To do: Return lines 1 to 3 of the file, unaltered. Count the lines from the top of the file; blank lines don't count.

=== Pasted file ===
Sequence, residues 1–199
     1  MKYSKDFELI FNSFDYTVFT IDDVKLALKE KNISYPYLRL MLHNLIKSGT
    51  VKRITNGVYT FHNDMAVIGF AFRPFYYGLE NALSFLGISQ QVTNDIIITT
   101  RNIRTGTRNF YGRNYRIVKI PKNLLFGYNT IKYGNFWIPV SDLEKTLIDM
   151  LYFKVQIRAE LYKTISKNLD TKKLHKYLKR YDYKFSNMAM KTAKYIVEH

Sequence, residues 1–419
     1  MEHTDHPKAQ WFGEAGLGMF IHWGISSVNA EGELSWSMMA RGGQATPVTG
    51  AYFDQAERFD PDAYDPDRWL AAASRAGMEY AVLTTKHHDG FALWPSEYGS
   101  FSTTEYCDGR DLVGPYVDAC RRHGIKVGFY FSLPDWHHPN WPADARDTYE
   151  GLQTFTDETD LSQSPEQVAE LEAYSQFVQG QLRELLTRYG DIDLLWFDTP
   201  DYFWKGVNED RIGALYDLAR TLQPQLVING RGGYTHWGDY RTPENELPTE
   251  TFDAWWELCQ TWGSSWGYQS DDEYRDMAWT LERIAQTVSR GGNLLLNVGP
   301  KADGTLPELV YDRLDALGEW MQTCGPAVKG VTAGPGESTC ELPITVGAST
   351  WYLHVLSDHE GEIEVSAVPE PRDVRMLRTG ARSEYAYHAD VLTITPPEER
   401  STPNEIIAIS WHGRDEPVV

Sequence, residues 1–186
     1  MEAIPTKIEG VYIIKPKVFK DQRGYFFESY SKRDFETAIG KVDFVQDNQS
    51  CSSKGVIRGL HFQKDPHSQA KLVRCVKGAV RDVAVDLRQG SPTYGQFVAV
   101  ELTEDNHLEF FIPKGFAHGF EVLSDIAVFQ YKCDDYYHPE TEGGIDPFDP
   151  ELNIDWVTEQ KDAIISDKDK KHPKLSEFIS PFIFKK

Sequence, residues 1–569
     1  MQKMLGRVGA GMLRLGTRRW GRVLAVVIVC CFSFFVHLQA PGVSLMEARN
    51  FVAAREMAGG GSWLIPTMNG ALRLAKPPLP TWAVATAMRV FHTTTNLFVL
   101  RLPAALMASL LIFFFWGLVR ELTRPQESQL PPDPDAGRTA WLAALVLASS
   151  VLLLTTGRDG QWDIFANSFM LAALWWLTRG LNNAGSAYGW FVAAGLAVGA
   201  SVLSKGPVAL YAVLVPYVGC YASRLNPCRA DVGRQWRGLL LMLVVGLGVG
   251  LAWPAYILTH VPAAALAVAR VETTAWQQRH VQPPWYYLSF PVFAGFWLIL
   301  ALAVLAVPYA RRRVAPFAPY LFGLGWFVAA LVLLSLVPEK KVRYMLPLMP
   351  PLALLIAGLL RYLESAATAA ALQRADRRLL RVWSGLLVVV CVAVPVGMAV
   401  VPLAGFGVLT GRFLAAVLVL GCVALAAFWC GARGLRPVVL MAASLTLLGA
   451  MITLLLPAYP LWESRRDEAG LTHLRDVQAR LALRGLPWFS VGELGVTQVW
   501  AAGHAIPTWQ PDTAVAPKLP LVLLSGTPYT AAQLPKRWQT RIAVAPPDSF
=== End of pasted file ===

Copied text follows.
Sequence, residues 1–199
     1  MKYSKDFELI FNSFDYTVFT IDDVKLALKE KNISYPYLRL MLHNLIKSGT
    51  VKRITNGVYT FHNDMAVIGF AFRPFYYGLE NALSFLGISQ QVTNDIIITT